- A Chance to Build Coping Skills
When kids feel ongoing anxiety, it can really take over. But finding ways to cope with emotions during tough times can let them come out of the crisis feeling stronger and more confident. They’ll know they have skills to deal with difficult situations. That’s both a relief and a strength.
You can help your child develop coping skills. One way is to model how to deal with uncertainty or handle bad news. Show how you handle the anxiety of the pandemic. And give your child ways to feel more in control.
- More Space to Try, Fail, Learn
In traditional schooling, kids can spend a lot of time on tasks they don’t think they can do or do well. That’s especially true of kids who learn or think differently. They may worry that other kids can see them struggling. And that can make them withdraw.
Learning at home can reduce that worry and give kids the room to try, fail, and learn without feeling embarrassed. They may also be more likely to recognize their weak spots and ask for help. This can help them build self-awareness, confidence, and resilience.
- New Ways to Learn Empathy
For some kids, empathy is a natural strength. For others, it’s a skill they need to learn. The pandemic creates new opportunities for kids to help others and think beyond themselves.
Checking in with an elderly neighbour, dropping off food to people who are sick, comforting friends who are feeling down. Any act of kindness your child can do builds empathy. Just knowing that this crisis impacts everyone can help kids think about how other people are struggling with it.
Shultz, J. (2020). 6 Ways the COVID Crisis Can Help Kids Build Strengths and Skills. Retrieved 28 July 2020, from https://www.understood.org/en/friends-feelings/empowering-your-child/building-on-strengths/covid-crisis-child-build-strengths?_ul=1*5v4soh*domain_userid*YW1wLW5md1BvZ000VWVnOGowNy0tZThyekE.
Remote learning has been taken to a new level with Level 4 restrictions starting this week. This has meant many more students have moved to remote learning. To support with this transition the Gilson College Learning Strategies Centre has launched a Learning Support Parent Portal Page on SEQTA. Although this is intended for parents of students with disabilities or learning difficulties, we invite all parents to check out the page and access the practical tips, resources, videos and websites. Over the coming weeks and months the page will continue to be developed to provide resources for a range of learners.
Even with the disruptions of the 2020 VCE year, our hardworking Year 12’s are staying focused on their goals for next year.
16 In the same way, let your light shine before others, that they may see your good deeds and glorify your Father in heaven.
Through this week and these unprecedented times, remember to care for others. As we display our value of the week, remember to always consider the needs of the people around us. Even if it is as simple as helping a friend with their homework or messaging someone who feels sad about the state of the world, you never know what effect your good deeds will have on other people. Inspire others through your actions as we get through this, together.
Sam and Mishelle, Year 12 Secondary School Captains
All Year 10 Students and Parents will be required to attend an interview to discuss, with a Gilson College staff member, their career aspirations and the possible pathways and subject choices that are available. Students final subject selection preferences will be recorded during the interview. Online (Zoom) meeting bookings will be set up for Parents and Students in due course.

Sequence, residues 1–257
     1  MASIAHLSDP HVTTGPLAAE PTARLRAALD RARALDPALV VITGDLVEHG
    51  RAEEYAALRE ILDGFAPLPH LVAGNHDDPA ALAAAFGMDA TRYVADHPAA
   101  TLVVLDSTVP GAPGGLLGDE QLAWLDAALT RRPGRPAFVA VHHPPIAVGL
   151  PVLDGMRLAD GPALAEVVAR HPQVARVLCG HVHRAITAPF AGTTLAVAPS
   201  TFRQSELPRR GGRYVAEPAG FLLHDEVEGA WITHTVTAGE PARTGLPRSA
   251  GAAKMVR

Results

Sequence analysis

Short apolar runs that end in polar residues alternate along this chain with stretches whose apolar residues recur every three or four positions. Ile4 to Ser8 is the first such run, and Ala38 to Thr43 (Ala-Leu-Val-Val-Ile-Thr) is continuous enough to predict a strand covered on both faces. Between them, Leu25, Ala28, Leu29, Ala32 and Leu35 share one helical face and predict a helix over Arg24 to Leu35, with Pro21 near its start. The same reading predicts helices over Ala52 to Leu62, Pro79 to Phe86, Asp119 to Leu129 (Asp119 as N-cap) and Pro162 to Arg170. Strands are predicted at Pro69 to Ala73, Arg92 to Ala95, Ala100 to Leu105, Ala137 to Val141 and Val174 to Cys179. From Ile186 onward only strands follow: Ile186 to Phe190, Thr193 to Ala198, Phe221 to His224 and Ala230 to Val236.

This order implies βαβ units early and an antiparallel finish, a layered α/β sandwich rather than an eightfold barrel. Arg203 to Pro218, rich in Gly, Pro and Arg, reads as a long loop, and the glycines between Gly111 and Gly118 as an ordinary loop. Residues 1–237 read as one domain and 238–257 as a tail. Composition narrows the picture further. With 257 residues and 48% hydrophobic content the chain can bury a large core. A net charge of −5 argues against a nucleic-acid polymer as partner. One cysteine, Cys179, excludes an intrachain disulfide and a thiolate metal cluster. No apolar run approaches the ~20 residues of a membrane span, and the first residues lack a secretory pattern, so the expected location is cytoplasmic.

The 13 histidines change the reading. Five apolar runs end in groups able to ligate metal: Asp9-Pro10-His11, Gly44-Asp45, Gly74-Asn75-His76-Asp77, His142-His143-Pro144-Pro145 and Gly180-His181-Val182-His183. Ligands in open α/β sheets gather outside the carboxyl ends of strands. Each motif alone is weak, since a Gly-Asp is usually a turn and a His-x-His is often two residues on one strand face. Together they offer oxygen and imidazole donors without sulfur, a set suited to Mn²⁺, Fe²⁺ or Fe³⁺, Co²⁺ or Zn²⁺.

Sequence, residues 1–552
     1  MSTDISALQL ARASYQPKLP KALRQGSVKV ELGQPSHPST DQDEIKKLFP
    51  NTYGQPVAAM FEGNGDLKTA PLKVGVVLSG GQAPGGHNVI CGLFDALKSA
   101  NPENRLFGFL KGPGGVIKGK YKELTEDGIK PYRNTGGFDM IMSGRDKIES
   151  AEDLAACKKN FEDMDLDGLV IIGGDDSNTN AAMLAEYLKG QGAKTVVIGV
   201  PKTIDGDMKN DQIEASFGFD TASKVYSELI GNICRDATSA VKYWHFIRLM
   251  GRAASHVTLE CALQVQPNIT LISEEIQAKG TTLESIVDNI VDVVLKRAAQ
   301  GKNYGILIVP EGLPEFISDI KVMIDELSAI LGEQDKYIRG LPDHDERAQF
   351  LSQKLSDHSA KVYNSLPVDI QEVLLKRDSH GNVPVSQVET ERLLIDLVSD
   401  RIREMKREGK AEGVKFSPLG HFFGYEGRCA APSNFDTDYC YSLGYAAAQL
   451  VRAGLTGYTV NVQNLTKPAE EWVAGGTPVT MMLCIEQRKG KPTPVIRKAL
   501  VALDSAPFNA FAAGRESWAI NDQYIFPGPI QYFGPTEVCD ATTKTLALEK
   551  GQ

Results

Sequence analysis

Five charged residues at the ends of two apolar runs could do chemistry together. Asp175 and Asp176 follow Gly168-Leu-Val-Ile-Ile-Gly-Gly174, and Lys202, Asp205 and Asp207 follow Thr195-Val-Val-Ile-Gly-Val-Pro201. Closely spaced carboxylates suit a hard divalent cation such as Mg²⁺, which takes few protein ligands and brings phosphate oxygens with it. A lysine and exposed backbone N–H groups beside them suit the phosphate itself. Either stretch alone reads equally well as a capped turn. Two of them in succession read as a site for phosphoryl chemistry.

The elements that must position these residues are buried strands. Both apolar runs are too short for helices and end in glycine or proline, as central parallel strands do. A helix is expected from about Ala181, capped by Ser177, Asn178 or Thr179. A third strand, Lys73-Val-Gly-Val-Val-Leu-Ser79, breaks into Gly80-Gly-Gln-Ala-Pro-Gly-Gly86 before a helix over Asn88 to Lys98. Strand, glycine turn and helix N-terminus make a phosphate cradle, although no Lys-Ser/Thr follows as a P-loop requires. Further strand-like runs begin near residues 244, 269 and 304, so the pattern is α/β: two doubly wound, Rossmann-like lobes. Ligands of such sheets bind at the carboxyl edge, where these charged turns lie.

After Monday 31st August, timetabling for 2021 will commence.
After Monday 31st August, timetabling for 2021 will commence.
Stop Thief! (how to take back what COVID-19 has stolen)
by JERRY JONES on JULY 27, 2020
COVID 19 is a dirty, rotten criminal. Ironically, not even a smooth one.
It sneaked in and no one saw it coming, but it made a bunch of noise and stayed way too long. Got greedy. Got cocky. Thought it could take everything.
Got news for you COVID … you don’t get everything. Not even close.
And you’re a jerk. Nobody likes you.
Full disclosure: This post comes on the heels of weeks of self-pity and sorrow over the loss and confusion that this thief has created — head spinning and scrambling, trying to figure out what comes next. Days of feeling like all is lost.
Maybe you’re in the same boat. Like you’ve just walked in your front door and realized that your home has been ransacked.
You feel violated, vulnerable, angry, terrified.
Here are seven thoughts to help you get back what this no good, sneaky, spineless thief has taken.
- “Less than” equals more than nothing.
It has been a painful realization, but I have to settle for less this year. Less connection. Less engagement. Less quality. Less certainty. Less of the people I love and want to be spending time with.
You feel it, too.
But less is NOT nothing.
Don’t settle for the lie of “all is lost.”
Unanticipated, unchosen, undefined, homeschool is less. But it’s not nothing.
A zoom call is less. But it’s not nothing.
Social distancing, self-isolation, and even quarantine are much, much less that what I want right now. So much less than what I am used to.
But they are not nothing.
- List your losses.
Something magic happens when you get specific.
The pain gets real, but so does the beauty of what’s left.
It’s natural when you’ve been violated to focus entirely on the violation.
It demands your attention.
But taking the space to list the actual losses gives you the space to set those things aside and deal with them as they need to be dealt with.
What has actually been taken?
Connection with your people? Your job? Your graduation? Your retirement plan? Your dream wedding? An important funeral? Your summer plans? Your routine? Your plan? Your sanity?
Whatever it is. Call it out. Tag it. Set it apart from what hasn’t been taken.
Don’t give COVID credit for what it hasn’t accomplished.
- Don’t play the victim.
Thieves love a victim. That’s the whole point.
Power preys on the powerless.
The victim waits helplessly for the hero to come and rescue them.
Newsflash — this thing has impacted EVERYONE. That means that everyone needs help and everyone has the potential to help someone else.